Survey finds post-disaster reconstruction slow in Tohoku prefectures


The pace of reconstruction in northeastern Japan after the powerful earthquake and tsunami of March 2011, and the subsequent nuclear disaster, differs from community to community, with a delay forecast in Fukushima municipalities affected by radiation, a Jiji Press survey has revealed.

The survey was conducted in January and February covering 42 municipalities along the Pacific coast in Iwa­te, Mi­ya­gi and Fu­ku­shi­ma prefectures, and around Tokyo Electric Power Co.’s Fu­ku­shi­ma No. 1 nuclear plant.

Fifteen municipalities said post-disaster reconstruction will be completed by the end of fiscal 2020, the final year of the reconstruction period designated by the central government.

Three municipalities said reconstruction will finish by the end of fiscal 2016, one by the end of fiscal 2017, six by the end of fiscal 2018 and five by the end of fiscal 2019.

The city of So­ma, Fu­ku­shi­ma Prefecture, said it is difficult to say when the construction projects will be completed.

Eleven municipalities, including nine in Fu­ku­shi­ma, said post-disaster reconstruction won’t end until fiscal 2021 or later.

Many of the nine Fu­ku­shi­ma towns and villages in this category cited delays in work to decontaminate areas polluted with radiation and dispose of radiation-tainted soil, and the restoration of agriculture, forestry and fishery industries.

This suggests that industry reconstruction has been tardy, affected by shipment restrictions and misinformation about radiation.

The two other municipalities projecting the completion of reconstruction after fiscal 2020 are Sen­dai, the capital of Mi­ya­gi, and the town of Mi­nami­san­ri­ku, Mi­ya­gi Prefecture.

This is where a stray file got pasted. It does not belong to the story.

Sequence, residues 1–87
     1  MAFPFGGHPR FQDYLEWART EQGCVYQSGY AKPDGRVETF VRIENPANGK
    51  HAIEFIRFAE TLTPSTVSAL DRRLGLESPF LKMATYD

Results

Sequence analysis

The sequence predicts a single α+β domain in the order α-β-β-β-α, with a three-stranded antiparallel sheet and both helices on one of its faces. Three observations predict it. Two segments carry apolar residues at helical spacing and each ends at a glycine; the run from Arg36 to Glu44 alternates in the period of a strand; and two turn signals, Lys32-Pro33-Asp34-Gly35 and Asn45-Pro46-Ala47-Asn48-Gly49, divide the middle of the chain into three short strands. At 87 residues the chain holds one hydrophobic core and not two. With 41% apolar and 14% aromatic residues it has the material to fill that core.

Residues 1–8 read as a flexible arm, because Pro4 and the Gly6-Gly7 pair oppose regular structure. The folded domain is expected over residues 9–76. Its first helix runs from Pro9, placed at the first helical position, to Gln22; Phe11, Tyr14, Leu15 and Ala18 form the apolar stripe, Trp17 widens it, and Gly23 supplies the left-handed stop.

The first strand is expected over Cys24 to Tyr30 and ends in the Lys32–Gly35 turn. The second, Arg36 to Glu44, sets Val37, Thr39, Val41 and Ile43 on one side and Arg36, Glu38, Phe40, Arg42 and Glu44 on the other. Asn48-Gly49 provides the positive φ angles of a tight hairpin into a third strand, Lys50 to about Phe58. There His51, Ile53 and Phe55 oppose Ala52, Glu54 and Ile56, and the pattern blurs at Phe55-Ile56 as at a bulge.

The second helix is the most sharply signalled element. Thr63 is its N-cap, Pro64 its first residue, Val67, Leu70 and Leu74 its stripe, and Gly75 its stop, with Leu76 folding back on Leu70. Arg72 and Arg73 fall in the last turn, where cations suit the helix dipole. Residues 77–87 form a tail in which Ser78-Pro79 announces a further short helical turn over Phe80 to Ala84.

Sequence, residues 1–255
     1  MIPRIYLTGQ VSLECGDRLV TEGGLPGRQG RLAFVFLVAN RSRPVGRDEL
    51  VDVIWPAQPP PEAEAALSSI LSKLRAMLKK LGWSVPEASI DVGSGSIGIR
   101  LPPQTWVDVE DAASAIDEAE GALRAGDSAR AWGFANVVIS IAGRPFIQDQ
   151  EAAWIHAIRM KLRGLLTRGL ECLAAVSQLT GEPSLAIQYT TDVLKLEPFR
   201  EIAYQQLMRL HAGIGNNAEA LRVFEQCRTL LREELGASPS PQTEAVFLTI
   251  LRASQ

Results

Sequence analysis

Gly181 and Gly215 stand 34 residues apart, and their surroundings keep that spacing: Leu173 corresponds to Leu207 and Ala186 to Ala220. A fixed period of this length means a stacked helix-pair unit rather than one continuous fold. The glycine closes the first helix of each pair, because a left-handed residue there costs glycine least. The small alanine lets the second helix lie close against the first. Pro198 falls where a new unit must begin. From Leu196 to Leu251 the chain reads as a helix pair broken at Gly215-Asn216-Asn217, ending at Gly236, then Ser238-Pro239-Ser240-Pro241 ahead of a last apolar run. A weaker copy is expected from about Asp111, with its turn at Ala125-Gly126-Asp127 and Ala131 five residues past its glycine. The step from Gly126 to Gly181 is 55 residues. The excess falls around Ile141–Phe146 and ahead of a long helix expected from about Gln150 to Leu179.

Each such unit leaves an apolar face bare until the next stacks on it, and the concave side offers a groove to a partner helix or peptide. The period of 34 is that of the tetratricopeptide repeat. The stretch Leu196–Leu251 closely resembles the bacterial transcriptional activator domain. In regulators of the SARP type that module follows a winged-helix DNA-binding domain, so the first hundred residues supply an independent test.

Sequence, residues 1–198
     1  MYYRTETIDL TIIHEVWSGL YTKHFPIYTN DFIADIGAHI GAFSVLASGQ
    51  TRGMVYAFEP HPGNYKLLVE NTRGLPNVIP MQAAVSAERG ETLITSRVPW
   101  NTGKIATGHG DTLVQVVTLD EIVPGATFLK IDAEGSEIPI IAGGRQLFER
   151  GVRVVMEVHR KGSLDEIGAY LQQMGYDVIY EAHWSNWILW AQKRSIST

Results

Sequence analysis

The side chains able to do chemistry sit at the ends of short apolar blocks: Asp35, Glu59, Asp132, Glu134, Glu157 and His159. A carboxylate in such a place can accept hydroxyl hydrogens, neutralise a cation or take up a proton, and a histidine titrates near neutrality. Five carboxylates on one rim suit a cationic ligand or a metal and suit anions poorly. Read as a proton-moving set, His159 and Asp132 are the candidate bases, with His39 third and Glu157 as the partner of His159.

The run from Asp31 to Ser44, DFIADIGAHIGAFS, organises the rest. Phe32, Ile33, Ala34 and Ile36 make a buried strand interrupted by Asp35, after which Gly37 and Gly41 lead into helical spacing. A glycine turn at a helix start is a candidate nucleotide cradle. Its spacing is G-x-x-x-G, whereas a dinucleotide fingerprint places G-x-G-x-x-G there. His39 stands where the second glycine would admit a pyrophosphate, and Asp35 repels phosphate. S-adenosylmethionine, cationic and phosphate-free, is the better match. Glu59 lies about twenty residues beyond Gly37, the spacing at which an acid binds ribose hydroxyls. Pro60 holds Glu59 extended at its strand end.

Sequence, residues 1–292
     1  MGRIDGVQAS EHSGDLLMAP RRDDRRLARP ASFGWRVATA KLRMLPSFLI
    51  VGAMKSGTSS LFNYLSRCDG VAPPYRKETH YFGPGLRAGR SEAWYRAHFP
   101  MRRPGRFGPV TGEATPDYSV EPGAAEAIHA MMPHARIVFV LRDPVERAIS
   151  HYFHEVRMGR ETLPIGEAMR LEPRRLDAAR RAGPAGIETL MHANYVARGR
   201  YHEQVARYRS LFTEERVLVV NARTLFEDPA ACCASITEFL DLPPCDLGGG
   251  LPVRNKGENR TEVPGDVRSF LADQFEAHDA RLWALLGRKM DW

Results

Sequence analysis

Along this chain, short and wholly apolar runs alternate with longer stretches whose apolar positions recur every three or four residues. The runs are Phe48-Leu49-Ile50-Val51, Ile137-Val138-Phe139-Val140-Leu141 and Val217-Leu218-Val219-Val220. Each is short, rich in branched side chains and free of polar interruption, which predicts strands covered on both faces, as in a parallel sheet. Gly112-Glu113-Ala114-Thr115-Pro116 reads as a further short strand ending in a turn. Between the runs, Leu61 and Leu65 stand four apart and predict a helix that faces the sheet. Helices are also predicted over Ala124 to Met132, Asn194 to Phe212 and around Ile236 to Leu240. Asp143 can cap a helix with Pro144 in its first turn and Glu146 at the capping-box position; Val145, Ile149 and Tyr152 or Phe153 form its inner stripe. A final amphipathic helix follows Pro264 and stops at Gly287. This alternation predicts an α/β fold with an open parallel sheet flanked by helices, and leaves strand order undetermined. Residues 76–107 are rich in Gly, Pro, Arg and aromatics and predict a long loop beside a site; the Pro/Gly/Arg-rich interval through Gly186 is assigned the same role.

Sendai faces a delay in land procurement for reconstruction projects, including one for elevating roads. The central part of Mi­nami­san­ri­ku was devastated by the tsunami.

In Iwate, nearly 50 percent of the planned public housing for people who lost their homes in the quake and tsunami has been completed. The proportion stands at about 50 percent in Mi­ya­gi and 40 percent in Fu­ku­shi­ma.

Of the 12 Fu­ku­shi­ma municipalities where evacuation advisories were issued after the nuclear accident, six, including the towns of To­mi­o­ka and Oku­ma, said that their populations at the end of 2025 are expected to decrease by 20 percent or more from current levels.

Among other municipalities in Fu­ku­shi­ma and the two other prefectures, five, including Mi­na­mi­san­ri­ku, project drops of 15 to 20 percent and eight foresee declines of 10 to 15 percent.

“The population decrease in our town will likely accelerate, because the number of children is falling and some of the residents who have been evacuated to other areas have found new homes and jobs there and therefore opted not to return to Mi­na­mi­san­ri­ku,” a Mi­na­mi­san­ri­ku official said.

In Miyagi, Sendai and three nearby municipalities expect increases in their populations, on the back of inflows of evacuees from other areas and the establishment of operational hubs by construction companies.

In Fukushima, population growth is forecast in the town of Shin­chi, where a new liquefied natural gas storage facility is planned.

Many of the surveyed municipalities said they want the central government to continue securing enough reconstruction funds and providing personnel support, and to increase flexibility in subsidy programs.

The earthquake and tsunami killed more than 15,800 people and left over 2,500 others unaccounted for.

  • solodoctor

    This article does not report how many people are still living in so called ‘temporary housing.’ Last I read it was still 100,000+. Is it still that many?

    What is the government doing to help farmers and small businessmen, retail shop owners to recover their livelihoods?